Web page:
2015 ORS 161.385¹
Psychiatric Security Review Board
  • composition, term, qualifications, compensation, appointment, confirmation and meetings

(1) There is hereby created a Psychiatric Security Review Board consisting of 10 members appointed by the Governor and subject to confirmation by the Senate under section 4, Article III of the Oregon Constitution.

(2) The membership of the board may not include any district attorney, deputy district attorney or public defender. The Governor shall appoint:

(a) A psychiatrist experienced in the criminal justice system and not otherwise employed on a full-time basis by the Oregon Health Authority or a community mental health program;

(b) A licensed psychologist experienced in the criminal justice system and not otherwise employed on a full-time basis by the authority or a community mental health program;

(c) A member with substantial experience in the processes of parole and probation;

(d) A lawyer with substantial experience in criminal trial practice;

(e) A psychiatrist certified, or eligible to be certified, by the Oregon Medical Board in child psychiatry who is experienced in the juvenile justice system and not employed on a full-time basis by the authority or a community mental health program;

(f) A licensed psychologist who is experienced in child psychology and the juvenile justice system and not employed on a full-time basis by the authority or a community mental health program;

(g) A member with substantial experience in the processes of juvenile parole and probation;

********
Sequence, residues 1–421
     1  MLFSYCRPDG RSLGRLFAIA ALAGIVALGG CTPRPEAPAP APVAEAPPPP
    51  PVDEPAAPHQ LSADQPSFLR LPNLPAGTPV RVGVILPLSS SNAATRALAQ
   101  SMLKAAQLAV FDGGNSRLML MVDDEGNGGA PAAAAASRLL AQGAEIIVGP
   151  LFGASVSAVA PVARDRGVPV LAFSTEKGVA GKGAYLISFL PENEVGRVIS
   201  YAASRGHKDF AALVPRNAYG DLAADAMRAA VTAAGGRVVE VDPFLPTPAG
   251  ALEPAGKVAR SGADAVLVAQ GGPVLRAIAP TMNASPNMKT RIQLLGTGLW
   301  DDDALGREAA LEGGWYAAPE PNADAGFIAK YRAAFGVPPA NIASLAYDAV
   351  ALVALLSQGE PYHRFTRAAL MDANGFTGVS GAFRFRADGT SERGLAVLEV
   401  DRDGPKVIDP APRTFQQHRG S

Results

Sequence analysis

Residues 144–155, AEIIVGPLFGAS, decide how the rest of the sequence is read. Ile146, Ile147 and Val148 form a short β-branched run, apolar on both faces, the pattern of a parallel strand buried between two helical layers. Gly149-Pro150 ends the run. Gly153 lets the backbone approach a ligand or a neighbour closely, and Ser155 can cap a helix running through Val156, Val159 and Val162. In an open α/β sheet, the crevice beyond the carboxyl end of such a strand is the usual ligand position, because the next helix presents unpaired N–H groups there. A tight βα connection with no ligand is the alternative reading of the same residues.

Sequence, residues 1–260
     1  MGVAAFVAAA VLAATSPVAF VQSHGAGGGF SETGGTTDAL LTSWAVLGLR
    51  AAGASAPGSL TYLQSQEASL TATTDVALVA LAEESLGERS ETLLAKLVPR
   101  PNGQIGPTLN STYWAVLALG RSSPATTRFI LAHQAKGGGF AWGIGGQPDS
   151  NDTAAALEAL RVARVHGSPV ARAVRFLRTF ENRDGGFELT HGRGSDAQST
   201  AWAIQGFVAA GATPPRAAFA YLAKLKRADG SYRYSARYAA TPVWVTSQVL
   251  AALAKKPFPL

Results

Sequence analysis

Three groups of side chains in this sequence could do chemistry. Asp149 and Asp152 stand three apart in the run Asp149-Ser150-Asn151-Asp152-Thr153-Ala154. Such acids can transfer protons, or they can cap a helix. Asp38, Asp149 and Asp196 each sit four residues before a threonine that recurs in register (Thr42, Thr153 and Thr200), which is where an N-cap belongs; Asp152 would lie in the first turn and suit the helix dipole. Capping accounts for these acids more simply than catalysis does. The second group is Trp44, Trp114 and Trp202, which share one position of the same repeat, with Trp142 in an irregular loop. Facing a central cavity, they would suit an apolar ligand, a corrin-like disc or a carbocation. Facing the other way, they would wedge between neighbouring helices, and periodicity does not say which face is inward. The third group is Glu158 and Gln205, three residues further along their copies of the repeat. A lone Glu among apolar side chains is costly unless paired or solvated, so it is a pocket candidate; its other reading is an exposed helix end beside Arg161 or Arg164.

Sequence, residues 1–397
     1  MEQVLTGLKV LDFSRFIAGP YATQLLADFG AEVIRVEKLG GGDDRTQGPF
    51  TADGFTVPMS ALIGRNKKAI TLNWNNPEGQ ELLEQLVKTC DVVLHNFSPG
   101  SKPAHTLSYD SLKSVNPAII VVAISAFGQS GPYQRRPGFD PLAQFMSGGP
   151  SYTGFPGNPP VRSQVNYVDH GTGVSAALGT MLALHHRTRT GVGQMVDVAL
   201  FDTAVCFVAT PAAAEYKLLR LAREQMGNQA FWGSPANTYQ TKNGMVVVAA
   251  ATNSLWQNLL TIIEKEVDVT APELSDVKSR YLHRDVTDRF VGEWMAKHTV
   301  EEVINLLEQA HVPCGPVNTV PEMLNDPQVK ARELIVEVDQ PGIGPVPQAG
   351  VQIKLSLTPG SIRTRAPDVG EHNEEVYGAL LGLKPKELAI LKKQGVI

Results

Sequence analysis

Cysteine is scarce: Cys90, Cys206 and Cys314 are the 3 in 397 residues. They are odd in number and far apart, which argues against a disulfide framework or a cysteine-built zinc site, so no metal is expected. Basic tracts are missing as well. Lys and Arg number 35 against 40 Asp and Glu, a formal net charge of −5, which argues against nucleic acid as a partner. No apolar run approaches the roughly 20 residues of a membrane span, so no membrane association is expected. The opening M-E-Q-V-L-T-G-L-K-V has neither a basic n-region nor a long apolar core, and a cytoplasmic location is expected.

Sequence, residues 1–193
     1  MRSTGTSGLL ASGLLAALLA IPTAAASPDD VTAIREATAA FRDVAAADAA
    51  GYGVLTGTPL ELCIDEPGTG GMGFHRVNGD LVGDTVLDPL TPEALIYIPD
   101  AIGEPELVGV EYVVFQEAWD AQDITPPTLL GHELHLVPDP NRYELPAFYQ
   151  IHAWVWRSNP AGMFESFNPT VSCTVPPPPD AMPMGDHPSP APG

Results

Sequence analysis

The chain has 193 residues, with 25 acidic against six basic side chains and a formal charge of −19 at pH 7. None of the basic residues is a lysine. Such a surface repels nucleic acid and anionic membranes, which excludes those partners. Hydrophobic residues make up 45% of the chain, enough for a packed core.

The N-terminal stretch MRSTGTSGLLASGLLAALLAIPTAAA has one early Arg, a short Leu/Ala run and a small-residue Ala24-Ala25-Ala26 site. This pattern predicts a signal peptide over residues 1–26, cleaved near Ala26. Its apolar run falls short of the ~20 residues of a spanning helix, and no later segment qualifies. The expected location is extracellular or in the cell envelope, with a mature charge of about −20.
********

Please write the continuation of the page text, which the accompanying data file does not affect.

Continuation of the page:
(h) A lawyer with substantial experience in juvenile law practice; and

(i) Two members of the general public.

(3) The term of office of each member is four years. The Governor at any time may remove any member for inefficiency, neglect of duty or malfeasance in office. Before the expiration of the term of a member, the Governor shall appoint a successor whose term begins on July 1 next following. A member is eligible for reappointment. If there is a vacancy for any cause, the Governor shall make an appointment to become immediately effective for the unexpired term.

(4) A member of the board not otherwise employed full-time by the state shall be paid on a per diem basis an amount equal to $289.22, adjusted according to the executive pay plan for the biennium, for each day during which the member is engaged in the performance of official duties, including necessary travel time. In addition, subject to ORS 292.220 (Department to regulate subsistence and mileage allowances for travel) to 292.250 (Reimbursement for use of privately owned motor vehicle on official business) regulating travel and other expenses of state officers and employees, the member shall be reimbursed for actual and necessary travel and other expenses incurred in the performance of official duties.

(5) Subject to any applicable provision of the State Personnel Relations Law, the board may hire employees to aid it in performing its duties.